Monthly trade surplus in May, led by demand for dairy products
New Zealand posted its seventh monthly trade surplus in May, led by overseas demand for the nation's primary products such as milk powder, butter and cheese.
The country had a trade surplus of $285 million in May, from $498 million in April and $40 million a year earlier, Statistics New Zealand said. The annual trade balance turned to a surplus of $1.37 billion from a deficit of $901 million a year earlier. The trade figures lagged expectations for a monthly surplus of $300 million and an annual surplus of $1.43 billion in a Reuters poll of economists. (See graph below)
Demand for primary products from an expanding and wealthier Chinese economy has spurred demand for New Zealand exports. China held its position as New Zealand's top trading partner, with annual two-way trade between the nations exceeding $20 billion for the first time, ahead of the government's 2015 target.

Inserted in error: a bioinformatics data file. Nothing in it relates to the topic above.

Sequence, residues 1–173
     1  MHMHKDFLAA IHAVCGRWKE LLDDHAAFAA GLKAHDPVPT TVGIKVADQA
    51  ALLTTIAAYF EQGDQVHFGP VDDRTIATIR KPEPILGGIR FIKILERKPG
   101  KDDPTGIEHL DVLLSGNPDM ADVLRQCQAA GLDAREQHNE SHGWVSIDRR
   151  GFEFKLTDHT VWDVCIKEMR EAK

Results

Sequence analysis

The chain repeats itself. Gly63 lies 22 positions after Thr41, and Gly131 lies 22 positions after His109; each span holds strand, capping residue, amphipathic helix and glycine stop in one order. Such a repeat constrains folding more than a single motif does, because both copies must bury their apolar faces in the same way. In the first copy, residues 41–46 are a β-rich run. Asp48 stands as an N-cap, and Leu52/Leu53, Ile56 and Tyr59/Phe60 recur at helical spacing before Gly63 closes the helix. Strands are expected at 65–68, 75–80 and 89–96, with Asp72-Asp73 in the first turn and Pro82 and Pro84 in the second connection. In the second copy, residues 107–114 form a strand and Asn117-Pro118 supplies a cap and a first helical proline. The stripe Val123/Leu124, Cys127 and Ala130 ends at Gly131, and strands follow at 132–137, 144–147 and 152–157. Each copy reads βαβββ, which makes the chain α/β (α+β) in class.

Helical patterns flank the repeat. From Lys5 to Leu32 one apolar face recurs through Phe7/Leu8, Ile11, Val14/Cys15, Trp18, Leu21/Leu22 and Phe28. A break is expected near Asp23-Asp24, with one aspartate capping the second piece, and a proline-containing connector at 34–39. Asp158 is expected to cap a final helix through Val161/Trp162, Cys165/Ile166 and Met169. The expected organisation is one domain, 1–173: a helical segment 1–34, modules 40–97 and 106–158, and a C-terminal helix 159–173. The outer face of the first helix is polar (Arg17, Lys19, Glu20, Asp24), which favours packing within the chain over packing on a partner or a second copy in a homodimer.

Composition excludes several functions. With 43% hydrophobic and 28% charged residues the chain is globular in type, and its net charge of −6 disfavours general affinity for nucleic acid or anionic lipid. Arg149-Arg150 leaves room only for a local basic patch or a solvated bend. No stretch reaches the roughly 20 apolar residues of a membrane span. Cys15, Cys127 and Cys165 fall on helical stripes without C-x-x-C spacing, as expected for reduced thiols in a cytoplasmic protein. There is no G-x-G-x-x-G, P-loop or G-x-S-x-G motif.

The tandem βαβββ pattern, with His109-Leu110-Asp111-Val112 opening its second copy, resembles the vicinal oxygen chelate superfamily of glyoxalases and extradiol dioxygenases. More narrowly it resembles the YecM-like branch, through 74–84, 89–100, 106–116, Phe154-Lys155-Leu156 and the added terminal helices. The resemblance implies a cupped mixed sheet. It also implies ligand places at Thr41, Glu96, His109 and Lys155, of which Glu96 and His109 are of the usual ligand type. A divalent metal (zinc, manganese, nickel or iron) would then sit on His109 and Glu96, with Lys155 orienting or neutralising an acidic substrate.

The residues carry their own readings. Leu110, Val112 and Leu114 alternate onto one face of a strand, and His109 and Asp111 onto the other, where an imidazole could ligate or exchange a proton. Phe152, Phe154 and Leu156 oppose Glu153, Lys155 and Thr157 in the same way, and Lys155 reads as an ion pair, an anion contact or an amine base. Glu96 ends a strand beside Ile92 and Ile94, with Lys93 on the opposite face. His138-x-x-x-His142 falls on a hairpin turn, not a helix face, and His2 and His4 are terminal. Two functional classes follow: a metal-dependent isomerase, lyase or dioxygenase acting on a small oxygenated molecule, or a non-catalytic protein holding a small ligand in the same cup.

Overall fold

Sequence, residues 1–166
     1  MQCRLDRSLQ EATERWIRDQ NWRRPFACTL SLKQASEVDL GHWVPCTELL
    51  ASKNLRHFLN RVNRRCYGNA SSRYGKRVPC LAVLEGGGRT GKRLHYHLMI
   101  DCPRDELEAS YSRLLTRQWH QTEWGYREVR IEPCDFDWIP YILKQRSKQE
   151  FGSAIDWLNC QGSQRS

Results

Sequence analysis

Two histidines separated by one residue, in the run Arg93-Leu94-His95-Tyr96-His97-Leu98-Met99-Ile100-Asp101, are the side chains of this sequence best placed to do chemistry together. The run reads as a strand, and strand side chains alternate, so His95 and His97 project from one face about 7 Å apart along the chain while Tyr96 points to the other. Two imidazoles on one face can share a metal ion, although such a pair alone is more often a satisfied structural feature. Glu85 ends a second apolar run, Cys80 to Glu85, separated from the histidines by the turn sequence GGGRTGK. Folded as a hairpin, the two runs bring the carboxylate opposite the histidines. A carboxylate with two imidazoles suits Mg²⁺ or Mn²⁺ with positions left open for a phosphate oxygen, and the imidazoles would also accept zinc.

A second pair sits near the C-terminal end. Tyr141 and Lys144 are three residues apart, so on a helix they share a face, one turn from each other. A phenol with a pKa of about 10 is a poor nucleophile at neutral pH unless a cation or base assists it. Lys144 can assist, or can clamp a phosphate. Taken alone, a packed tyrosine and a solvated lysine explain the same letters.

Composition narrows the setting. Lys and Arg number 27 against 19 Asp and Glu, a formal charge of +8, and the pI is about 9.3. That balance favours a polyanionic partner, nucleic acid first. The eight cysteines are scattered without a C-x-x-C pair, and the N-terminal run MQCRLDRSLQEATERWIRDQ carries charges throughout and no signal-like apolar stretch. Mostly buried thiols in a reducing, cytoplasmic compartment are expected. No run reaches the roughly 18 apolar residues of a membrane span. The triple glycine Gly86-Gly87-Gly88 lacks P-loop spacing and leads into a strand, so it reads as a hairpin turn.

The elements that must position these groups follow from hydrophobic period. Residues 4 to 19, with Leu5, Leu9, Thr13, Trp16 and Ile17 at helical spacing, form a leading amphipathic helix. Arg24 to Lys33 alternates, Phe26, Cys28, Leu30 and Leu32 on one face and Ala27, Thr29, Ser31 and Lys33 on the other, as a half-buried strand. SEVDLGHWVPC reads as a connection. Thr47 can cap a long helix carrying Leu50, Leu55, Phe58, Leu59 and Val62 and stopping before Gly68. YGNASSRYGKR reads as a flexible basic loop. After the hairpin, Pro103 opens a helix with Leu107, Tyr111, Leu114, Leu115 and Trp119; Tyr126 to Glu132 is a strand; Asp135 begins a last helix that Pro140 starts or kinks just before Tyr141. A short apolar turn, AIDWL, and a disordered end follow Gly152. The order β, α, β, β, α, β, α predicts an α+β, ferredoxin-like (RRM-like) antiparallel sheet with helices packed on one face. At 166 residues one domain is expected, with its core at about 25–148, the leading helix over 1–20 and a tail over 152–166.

Exports rose 13 percent to $4.6 billion in May from the year earlier month, led by dairy exports to China. The statistics agency said it appeared the growth in exports seen in the past year has levelled off. Expanding global milk supply and a drop in buying by Chinese importers as they run down inventories has weighed on dairy prices this year.
"Lower dairy prices are now starting to come through in the trade data," Westpac Banking Corp senior economist Felix Delbruck said in a note. "We expect further price falls to come through in the June trade figures."
Imports increased 7 percent to $4.3 billion In May from the year earlier month, led by imports of trucks and machinery including cranes and excavators.
The New Zealand dollar initially spiked higher following the trade data, touching a fresh three-year high of 87.94 US cents, from 87.76 cents immediately before the 10:45am release. It then retraced, recently trading at 87.78 cents.